Rest stops and truck stops also tend to be great options for overnight RV parking because they are well lit and have 24-hour bathrooms. Casinos fall into this category, too, and the grounds may be patrolled, but some casinos may also attract sketchy characters. Many outdoor stores like Bass Pro Shop, Cabela’s, and Camping World will also let you park your rig overnight, but it’s always best to check with the manager in advance.
How long you can park your RV for free
Each campsite, RV park, forest, and public space has its own rules about how long you can park there. Most Bureau of Land Management sites cap free camping at 30 days, though the amount of time can vary by location. Most national forests allow dispersed camping up to 14 days, but some areas are limited to one day, while others allow up to 30 days. Check the local regulations by stopping by the ranger station or calling ahead of your stay. For travel inspiration, check out the most scenic campsites in every state.
How to be a responsible RV camper
The most important Leave No Trace principle is properly planning ahead. Knowing exactly where you’ll camp, having backup plans for alternate campsites, and bringing all the supplies you’ll need will go a long way.
Proper waste disposal is essential, and while RV parks may have waste disposal options, dispersed campsites won’t, so you’ll need to keep all your waste with you until you’re able to safely dispose of it. This includes packing up all your food waste and garbage, as well as burying human waste in an eight-inch “cathole” that’s 150 feet from trails and water sources.
Vehicles can do significant damage to the environment, so it’s crucial that you look for already impacted sites with well-worn access drives. Never drive onto vegetation, cut down trees, or stray beyond the borders of established camp areas. If, and only if, you confirm campfires are allowed in an area, you can minimize your campfire impact by seeking out existing campfire rings instead of creating new ones. Buy local firewood (or gather firewood in the area, if it’s allowed) to prevent the spread of invasive species. Before you leave, make sure that the fire is completely out and that any food you may have thrown in the fire has completely burned up so wild animals aren’t attracted to it. While you’re at it, make sure to avoid these other common camping mistakes many first-timers make.
For more on where to go and what to see around the country, check out our Ultimate American Road Trip Guide.
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If you’re about to cook fish but are worried about the scent lingering on your hands afterward, halve a lemon and rub your hands with the cut ends before handling fish. If the smell persists after you’ve finished cooking, scrub wet hands with baking soda and rinse with warm water. Here’s how to clean your house with a lemon instead of chemicals.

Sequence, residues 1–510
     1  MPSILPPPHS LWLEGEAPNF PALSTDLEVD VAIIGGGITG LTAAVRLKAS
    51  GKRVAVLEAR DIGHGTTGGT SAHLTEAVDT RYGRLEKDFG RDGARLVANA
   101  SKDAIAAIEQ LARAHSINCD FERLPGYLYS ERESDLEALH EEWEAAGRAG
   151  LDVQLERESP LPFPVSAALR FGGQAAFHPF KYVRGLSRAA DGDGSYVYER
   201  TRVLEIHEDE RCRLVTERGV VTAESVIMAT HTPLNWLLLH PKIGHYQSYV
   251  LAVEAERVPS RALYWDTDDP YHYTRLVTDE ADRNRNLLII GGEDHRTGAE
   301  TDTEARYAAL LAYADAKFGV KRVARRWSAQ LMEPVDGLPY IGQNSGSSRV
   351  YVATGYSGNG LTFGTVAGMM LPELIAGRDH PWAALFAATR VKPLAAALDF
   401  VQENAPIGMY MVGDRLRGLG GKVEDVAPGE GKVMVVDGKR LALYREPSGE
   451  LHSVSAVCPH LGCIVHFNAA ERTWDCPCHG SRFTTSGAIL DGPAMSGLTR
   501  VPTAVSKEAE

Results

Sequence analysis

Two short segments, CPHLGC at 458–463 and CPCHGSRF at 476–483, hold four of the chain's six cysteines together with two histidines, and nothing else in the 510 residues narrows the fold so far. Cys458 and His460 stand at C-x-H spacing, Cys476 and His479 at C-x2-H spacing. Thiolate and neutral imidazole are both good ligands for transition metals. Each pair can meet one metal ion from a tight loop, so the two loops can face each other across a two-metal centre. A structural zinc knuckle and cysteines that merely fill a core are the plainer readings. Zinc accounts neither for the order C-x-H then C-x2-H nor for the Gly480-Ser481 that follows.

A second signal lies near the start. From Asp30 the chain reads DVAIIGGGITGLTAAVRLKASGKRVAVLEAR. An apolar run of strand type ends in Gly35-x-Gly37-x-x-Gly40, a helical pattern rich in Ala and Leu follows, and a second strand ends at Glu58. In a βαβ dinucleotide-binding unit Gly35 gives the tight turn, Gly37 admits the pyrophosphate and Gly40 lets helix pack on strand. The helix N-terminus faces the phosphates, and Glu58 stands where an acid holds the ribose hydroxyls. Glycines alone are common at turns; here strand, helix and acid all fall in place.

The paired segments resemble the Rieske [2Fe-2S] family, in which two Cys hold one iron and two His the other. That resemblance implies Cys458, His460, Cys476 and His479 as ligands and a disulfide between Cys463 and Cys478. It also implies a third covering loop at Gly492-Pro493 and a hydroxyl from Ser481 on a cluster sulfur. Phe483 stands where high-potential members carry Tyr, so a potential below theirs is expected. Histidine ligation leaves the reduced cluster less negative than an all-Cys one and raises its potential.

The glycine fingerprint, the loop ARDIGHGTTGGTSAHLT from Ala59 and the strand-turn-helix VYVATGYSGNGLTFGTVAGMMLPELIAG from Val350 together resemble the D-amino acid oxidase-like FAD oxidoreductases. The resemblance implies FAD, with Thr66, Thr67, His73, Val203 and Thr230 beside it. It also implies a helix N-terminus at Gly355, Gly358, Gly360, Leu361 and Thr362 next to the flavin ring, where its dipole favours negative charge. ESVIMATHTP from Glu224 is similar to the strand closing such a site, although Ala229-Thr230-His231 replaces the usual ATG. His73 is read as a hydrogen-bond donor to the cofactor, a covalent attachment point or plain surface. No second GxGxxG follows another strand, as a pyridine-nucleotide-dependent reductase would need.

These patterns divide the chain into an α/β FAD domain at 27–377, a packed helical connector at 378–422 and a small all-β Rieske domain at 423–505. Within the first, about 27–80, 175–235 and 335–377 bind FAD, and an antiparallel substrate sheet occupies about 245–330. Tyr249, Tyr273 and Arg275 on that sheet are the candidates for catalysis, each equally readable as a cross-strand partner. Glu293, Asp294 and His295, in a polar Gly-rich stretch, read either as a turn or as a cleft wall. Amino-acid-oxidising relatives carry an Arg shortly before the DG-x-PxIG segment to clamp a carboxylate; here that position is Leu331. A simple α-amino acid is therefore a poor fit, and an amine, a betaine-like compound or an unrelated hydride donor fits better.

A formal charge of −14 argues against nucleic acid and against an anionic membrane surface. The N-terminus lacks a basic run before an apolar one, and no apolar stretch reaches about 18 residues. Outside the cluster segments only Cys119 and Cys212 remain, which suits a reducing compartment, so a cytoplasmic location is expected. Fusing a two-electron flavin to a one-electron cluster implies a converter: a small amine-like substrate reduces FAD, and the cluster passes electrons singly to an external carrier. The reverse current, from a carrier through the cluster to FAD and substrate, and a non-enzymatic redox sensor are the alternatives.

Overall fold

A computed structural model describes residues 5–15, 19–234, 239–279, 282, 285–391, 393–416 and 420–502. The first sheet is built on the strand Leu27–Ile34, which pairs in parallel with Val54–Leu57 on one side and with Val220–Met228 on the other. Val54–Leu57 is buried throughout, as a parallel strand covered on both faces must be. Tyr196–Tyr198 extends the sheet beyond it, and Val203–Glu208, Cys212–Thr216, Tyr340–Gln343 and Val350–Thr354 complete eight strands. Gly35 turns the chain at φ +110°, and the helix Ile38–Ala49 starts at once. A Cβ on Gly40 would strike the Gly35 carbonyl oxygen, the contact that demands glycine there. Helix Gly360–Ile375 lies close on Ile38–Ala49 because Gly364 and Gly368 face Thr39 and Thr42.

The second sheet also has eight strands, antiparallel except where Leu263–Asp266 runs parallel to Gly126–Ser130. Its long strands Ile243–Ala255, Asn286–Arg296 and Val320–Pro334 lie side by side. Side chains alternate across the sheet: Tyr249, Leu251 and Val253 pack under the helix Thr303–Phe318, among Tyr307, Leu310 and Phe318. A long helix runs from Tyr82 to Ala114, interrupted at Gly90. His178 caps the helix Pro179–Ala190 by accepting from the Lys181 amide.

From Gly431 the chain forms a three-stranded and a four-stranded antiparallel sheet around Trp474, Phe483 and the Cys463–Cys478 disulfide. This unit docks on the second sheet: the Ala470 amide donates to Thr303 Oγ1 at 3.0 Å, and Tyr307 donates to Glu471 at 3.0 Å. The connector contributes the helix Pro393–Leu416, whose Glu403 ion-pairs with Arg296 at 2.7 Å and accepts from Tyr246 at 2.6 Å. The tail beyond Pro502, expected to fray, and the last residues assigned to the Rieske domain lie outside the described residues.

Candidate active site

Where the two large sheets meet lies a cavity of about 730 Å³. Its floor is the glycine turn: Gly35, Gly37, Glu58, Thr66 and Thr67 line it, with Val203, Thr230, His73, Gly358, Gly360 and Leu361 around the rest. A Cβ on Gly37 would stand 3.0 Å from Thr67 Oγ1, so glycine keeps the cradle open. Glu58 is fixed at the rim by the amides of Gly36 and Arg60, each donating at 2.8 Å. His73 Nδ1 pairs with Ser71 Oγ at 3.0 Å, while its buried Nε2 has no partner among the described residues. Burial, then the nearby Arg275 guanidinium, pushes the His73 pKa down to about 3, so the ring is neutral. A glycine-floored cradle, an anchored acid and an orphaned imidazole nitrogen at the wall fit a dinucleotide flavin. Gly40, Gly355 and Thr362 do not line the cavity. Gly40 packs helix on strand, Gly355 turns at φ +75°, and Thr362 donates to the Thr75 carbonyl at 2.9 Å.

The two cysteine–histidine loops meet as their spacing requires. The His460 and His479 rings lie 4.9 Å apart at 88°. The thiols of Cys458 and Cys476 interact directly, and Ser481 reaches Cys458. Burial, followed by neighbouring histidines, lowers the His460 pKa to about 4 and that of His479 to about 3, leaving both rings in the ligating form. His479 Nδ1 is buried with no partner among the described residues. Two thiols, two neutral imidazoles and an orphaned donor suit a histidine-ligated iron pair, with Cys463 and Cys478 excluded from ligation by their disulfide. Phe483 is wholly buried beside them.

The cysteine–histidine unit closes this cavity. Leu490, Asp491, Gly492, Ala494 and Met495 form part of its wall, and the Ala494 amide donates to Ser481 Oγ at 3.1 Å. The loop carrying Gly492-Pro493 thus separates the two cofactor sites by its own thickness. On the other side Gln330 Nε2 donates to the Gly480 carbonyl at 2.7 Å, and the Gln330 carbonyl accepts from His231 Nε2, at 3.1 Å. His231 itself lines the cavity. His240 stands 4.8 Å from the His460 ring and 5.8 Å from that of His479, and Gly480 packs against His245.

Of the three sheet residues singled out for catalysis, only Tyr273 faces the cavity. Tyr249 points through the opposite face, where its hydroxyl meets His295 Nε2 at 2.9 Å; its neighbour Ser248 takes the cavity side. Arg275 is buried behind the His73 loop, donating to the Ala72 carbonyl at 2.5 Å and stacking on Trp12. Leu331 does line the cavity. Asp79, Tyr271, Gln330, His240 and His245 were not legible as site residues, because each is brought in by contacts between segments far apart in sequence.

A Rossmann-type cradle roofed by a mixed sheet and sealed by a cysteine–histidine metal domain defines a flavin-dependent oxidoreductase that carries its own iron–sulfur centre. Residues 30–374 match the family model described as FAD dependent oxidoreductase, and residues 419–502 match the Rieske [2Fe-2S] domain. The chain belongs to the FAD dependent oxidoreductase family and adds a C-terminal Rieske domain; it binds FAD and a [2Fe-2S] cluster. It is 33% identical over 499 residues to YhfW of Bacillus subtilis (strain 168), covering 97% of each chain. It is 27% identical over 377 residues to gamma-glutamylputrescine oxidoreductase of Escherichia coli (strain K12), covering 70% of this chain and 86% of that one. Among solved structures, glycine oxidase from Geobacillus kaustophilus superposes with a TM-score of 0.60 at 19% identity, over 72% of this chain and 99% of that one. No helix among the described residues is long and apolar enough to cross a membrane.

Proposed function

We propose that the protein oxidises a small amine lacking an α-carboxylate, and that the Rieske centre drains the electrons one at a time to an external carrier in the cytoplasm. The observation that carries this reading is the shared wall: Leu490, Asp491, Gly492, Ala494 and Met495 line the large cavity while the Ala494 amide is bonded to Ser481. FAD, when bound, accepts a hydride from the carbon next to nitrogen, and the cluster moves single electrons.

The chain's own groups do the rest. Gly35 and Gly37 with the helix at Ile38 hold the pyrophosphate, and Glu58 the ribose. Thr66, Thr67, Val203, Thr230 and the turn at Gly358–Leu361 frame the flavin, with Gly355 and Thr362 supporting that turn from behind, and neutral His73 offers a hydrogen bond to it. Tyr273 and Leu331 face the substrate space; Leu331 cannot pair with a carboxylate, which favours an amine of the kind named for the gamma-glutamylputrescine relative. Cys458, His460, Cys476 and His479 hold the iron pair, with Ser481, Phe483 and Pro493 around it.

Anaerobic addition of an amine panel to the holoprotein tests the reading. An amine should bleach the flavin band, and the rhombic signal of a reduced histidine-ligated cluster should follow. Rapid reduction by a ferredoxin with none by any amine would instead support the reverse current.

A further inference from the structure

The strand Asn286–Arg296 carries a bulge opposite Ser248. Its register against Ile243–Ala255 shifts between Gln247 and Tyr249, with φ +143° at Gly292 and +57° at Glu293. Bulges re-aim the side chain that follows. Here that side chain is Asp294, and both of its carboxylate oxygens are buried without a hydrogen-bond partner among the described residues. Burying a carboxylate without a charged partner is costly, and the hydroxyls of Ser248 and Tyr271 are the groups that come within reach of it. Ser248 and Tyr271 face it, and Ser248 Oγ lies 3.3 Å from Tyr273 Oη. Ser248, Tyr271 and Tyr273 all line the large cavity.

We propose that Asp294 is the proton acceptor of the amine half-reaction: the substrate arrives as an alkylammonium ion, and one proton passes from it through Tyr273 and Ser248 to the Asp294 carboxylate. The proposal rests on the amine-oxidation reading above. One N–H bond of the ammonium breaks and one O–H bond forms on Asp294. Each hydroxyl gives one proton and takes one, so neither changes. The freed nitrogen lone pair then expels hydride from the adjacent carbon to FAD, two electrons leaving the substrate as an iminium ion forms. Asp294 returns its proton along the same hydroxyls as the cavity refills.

Keep your garbage can smelling fresh by sprinkling baking soda in the bottom each time you change out the bag. Baking soda is one of the most effective natural deodorizers out there and will prevent the area from smelling. Here are more brilliant uses for baking soda around your house.
To prevent the smell of fried fish from permeating your kitchen days after cooking, add a dollop of peanut butter to the oil before frying.
There are many different ways to keep your fridge smelling fresh: Place a wide, shallow bowl of coffee grounds in your fridge or freezer, leaving it overnight to absorb odors. Other great odor absorbers are tea bags; placing three to four around your fridge on a regular basis will prevent strange smells from occurring in the first place. If you don’t happen to have any tea bags handy, peel a raw potato and slice it in half, placing the two halves on different shelves in your fridge. Once the cut sides turn black, slice them away and pop them back in the fridge for continued use. If your smelly fridge needs a deep cleanse, empty it out and wipe the interior with undiluted tomato juice like this one, then rinse with warm water. This remedy will also work on an odorous cooler.
Grease in the kitchen
Put a bowl of white vinegar out in your kitchen next time you fry something using grease. The vinegar will absorb the stench and prevent an unsavory smell from emanating through your kitchen. Alternatively, simmer the vinegar once you’re done cooking for an even stronger deodorizer. Try out these other 95 household vinegar uses you never knew about.
New paint smell
Although it may be exciting to be adding a fresh coat of paint to your walls, the accompanying odor can detract from the fun. Mix a tablespoon of vanilla extract into a gallon of paint to make the sharp smell slightly sweeter.
Recycled food container
If you’re reusing an old food container that was previously occupied by something that left an odd smell behind, squirt a bit of yellow mustard in the bottom and fill the container halfway with warm water. Swish the mixture around gently, let it sit for 15 minutes, and wash. These are food containers you’ve been using all wrong.
Your pet may have managed to outrun that pesky skunk, but it still spent the evening lurking under your car. Dissolve a cup of dried mustard into three gallons of water and splash the solution over your vehicle’s tires and undercarriage.